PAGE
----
Tutorial :python method to extract content (excluding navigation) from an HTML page



Question:

Of course an HTML page can be parsed using any number of python parsers, but I'm surprised that there don't seem to be any public parsing scripts to extract meaningful content (excluding sidebars, navigation, etc.) from a given HTML doc.

I'm guessing it's something like collecting DIV and P elements and then checking them for a minimum amount of text content, but I'm sure a solid implementation would include plenty of things that I haven't thought of.


Solution:1

Try the Beautiful Soup library for Python. It has very simple methods to extract information from an html file.

Trying to generically extract data from webpages would require people to write their pages in a similar way... but there's an almost infinite number of ways to convey a page that looks identical let alone all the conbinations you can have to convey the same information.

Was there a particular type of information you were trying to extract or some other end goal?

You could try extracting any content in 'div' and 'p' markers and compare the relative sizes of all the information in the page. The problem then is that people probably group information into collections of 'div's and 'p's (or at least they do if they're writing well formed html!).

Maybe if you formed a tree of how the information is related (nodes would be the 'p' or 'div or whatever and each node would contain the associated text) you could do some sort of analysis to identify the smallest 'p' or 'div' that encompases what appears to be the majority of the information.. ?

[EDIT] Maybe if you can get it into the tree structure I suggested, you could then use a similar points system to spam assassin. Define some rules that attempt to classify the information. Some examples:

+1 points for every 100 words  +1 points for every child element that has > 100 words  -1 points if the section name contains the word 'nav'  -2 points if the section name contains the word 'advert'  

If you have a lots of low scoring rules which add up when you find more relevent looking sections, I think that could evolve into a fairly powerful and robust technique.

[EDIT2] Looking at the readability, it seems to be doing pretty much exactly what I just suggested! Maybe it could be improved to try and understand tables better?


Solution:2

Have a look at templatemaker: http://www.holovaty.com/writing/templatemaker/

It's written by one of the founders of Django. Basically you feed it a few example html files and it will generate a "template" that you can then use to extract just the bits that are different (which is usually the meaningful content).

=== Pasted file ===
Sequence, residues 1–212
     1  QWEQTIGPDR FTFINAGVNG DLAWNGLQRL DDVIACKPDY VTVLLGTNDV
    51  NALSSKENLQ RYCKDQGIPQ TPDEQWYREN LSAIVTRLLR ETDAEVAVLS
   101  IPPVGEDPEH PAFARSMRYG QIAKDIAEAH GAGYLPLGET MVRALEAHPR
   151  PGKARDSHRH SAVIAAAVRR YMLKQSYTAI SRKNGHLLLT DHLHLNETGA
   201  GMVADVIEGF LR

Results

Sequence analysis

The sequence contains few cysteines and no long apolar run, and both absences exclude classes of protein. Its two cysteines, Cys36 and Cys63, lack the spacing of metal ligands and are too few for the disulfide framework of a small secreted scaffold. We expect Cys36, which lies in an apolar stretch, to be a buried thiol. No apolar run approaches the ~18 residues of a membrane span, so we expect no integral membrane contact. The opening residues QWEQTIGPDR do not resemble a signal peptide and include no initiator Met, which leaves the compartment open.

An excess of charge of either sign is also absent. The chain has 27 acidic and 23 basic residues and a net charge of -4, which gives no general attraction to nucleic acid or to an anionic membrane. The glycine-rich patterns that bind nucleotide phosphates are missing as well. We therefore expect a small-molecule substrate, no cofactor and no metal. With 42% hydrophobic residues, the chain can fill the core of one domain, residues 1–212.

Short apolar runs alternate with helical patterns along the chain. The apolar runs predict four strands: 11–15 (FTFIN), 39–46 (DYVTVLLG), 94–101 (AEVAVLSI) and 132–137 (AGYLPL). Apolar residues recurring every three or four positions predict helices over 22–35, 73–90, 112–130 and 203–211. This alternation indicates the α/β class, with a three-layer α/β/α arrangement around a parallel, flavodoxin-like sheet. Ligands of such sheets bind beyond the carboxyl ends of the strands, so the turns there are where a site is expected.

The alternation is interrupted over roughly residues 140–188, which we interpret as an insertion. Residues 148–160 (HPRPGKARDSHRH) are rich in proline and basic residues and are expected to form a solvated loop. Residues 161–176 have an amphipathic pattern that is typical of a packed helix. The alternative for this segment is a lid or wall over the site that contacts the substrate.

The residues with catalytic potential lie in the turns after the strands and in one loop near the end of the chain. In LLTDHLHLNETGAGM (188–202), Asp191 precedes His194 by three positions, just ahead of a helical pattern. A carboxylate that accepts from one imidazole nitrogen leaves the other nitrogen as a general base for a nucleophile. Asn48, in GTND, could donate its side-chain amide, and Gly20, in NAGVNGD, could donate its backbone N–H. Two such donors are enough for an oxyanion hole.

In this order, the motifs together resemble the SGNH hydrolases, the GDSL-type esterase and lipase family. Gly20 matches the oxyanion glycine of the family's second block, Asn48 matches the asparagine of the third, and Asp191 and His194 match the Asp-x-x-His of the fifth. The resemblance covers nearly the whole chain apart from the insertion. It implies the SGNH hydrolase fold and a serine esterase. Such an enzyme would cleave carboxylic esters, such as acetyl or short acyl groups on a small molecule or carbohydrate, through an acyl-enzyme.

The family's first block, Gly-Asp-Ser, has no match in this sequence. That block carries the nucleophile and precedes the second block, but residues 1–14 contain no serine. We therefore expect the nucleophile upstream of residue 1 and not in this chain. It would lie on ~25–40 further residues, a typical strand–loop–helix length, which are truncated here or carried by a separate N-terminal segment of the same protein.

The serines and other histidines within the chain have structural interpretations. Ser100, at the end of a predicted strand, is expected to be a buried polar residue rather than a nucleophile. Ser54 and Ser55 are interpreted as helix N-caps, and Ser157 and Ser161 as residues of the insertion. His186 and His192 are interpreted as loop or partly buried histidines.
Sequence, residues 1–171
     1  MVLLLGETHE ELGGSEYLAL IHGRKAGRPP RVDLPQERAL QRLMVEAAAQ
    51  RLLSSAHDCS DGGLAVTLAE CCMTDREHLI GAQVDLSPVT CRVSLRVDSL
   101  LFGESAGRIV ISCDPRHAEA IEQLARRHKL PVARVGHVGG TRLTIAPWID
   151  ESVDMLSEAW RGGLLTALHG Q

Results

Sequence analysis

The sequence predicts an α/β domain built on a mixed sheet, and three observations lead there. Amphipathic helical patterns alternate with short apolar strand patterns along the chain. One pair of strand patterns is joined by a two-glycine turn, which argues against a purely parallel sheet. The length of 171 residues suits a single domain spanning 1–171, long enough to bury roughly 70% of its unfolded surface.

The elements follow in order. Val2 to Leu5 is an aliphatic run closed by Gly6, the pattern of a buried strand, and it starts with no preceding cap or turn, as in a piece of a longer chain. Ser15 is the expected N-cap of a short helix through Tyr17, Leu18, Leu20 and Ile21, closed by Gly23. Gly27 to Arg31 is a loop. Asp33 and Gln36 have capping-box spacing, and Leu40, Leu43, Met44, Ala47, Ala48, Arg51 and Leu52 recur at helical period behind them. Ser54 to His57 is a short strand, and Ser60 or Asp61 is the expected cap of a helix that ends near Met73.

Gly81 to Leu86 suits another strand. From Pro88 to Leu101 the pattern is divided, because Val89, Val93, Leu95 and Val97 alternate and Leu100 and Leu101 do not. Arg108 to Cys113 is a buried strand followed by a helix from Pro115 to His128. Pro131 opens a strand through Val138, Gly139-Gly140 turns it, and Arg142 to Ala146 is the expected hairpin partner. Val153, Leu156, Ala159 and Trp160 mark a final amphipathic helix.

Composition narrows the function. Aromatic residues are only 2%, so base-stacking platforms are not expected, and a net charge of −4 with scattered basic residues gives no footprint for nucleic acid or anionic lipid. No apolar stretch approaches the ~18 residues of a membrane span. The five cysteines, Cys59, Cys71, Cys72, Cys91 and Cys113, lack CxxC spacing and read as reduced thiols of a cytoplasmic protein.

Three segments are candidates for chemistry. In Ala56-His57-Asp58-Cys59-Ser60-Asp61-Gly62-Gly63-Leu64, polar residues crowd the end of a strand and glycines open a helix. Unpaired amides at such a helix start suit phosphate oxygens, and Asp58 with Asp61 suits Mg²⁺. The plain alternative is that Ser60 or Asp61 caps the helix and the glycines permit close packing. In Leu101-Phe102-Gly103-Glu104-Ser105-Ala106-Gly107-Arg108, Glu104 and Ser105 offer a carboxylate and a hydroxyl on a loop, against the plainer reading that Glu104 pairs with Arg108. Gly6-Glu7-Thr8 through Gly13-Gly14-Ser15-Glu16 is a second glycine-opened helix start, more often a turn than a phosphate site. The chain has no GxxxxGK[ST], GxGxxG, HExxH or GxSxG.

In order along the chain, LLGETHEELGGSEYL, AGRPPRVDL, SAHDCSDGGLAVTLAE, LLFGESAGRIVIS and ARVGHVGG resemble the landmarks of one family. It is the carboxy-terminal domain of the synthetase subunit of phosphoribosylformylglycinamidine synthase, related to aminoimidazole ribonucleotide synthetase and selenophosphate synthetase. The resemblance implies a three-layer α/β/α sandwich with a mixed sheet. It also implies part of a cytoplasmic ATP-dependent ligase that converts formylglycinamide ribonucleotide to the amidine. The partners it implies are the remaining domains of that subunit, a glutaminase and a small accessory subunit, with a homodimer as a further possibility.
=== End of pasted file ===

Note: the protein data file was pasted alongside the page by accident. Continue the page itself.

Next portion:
Here's an example from the google code page:

    # Import the Template class.  >>> from templatemaker import Template    # Create a Template instance.  >>> t = Template()    # Learn a Sample String.  >>> t.learn('<b>this and that</b>')    # Output the template so far, using the "!" character to mark holes.  # We've only learned a single string, so the template has no holes.  >>> t.as_text('!')  '<b>this and that</b>'    # Learn another string. The True return value means the template gained  # at least one hole.  >>> t.learn('<b>alex and sue</b>')  True    # Sure enough, the template now has some holes.  >>> t.as_text('!')  '<b>! and !</b>'    


Solution:3

You might use the boilerpipe Web application to fetch and extract content on the fly.

(This is not specific to Python, as you only need to issue a HTTP GET request to a page on Google AppEngine).

Cheers,

Christian


Solution:4

What is meaningful and what is not, it depends on the semantic of the page. If the semantics is crappy, your code won't "guess" what is meaningful. I use readability, which you linked in the comment, and I see that on many pages I try to read it does not provide any result, not talking about a decent one.

If someone puts the content in a table, you're doomed. Try readability on a phpbb forum you'll see what I mean.

If you want to do it, go with a regexp on <p></p>, or parse the DOM.


Solution:5

Goose is just the library for this task. To quote their README:

Goose will try to extract the following information:

  • Main text of an article
  • Main image of article
  • Any Youtube/Vimeo movies embedded in article
  • Meta Description
  • Meta tags

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